Tuesday, September 22, 2009

Crandall Supports Passenger Rights Legislation

Bob Crandall, former President and Chairman of American Airlines, went public today with his support for federal passenger rights legislation.  See Joan Lowy, Ex-CEO Backs Limit on Leaving Passengers on Tarmac, Associated Press, Sept. 22, 2009 (available here).  From the story:

"I think the airline industry should have led the way in responding to this problem rather than having resisted it," Crandall said. "Every responsible airline executive I know thinks these things are an outrage."

However, he said returning passengers to terminals likely will result in more flight cancellations and modest fare increases.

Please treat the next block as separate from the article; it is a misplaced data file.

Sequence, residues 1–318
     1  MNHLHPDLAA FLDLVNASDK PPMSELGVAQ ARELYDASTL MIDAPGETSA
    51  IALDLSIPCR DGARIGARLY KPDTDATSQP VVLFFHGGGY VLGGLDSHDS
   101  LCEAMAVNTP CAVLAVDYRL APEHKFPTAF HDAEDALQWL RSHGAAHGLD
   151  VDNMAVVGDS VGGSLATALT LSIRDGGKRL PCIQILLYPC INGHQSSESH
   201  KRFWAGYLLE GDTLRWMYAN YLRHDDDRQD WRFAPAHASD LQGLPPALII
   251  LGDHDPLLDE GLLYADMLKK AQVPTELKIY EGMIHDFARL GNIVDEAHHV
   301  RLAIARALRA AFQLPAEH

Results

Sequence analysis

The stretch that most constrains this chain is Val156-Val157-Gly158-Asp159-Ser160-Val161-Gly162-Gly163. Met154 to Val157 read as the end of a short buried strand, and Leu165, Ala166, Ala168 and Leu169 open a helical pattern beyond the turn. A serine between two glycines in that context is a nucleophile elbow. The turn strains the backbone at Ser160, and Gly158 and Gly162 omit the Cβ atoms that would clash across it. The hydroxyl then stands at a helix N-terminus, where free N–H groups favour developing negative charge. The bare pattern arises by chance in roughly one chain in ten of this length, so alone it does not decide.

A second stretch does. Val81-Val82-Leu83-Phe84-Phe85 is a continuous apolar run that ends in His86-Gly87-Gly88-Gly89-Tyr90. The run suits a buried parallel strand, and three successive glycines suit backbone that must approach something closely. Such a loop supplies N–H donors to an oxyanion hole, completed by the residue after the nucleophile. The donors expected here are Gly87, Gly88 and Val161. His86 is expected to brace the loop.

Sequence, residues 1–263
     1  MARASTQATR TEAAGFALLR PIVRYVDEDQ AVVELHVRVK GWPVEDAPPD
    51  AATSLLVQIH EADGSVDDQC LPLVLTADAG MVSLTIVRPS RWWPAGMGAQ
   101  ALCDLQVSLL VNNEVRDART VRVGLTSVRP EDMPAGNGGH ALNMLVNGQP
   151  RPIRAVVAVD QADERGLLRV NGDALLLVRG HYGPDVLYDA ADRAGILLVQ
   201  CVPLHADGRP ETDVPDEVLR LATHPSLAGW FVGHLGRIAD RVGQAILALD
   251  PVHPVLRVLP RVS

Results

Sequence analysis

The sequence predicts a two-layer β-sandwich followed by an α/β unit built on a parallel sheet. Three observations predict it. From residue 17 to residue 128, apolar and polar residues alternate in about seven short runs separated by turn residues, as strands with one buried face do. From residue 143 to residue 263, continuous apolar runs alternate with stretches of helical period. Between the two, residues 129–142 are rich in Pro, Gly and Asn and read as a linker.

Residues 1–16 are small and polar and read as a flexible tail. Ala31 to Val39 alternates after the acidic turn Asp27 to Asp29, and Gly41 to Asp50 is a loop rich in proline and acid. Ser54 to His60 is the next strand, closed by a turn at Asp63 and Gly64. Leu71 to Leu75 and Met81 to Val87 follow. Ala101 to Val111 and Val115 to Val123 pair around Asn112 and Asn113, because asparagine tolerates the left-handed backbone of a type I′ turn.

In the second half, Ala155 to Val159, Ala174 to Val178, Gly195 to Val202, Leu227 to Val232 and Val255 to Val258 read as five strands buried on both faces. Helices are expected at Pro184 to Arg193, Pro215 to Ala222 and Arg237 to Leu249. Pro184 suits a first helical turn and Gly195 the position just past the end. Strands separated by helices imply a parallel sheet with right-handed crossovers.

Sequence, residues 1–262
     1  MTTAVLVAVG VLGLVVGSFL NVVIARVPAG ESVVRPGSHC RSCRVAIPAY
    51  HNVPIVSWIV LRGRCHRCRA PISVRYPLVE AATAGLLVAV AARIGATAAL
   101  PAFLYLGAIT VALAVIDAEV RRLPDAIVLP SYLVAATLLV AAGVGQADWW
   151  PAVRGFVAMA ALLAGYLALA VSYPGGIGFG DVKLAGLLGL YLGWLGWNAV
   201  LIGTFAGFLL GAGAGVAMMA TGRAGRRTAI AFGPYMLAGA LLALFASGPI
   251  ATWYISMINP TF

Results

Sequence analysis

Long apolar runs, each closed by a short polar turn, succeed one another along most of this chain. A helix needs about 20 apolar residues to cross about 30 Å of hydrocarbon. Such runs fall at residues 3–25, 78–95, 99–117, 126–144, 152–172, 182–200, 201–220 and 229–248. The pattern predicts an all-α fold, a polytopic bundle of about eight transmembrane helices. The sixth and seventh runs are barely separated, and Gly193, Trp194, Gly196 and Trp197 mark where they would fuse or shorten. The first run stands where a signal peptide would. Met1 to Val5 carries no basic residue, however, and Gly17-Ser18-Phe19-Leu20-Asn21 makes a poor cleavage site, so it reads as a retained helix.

Since flights are increasingly full or nearly full due to airlines' cutbacks in schedules, passengers who opt to deplane may have difficulty finding seats on other planes and may be delayed longer than if they had continued to wait on a runway, Crandall said.

He recommended an initial four-hour time limit to give airlines time to make adjustments before ratcheting down to a three-hour limit in 2011.

Crandall's publicly stated views are consistent with those he expressed to the International Aviation Law Institute last week as part of its ongoing Conversations with Aviation Leaders series.  (The full three-hour interview with Crandall is forthcoming on the Institute's website here.)  During the interview, Crandall took repeated note that the U.S. lacked a coherent air transport policy and cited serious delays at airports as evidence of that fact. 


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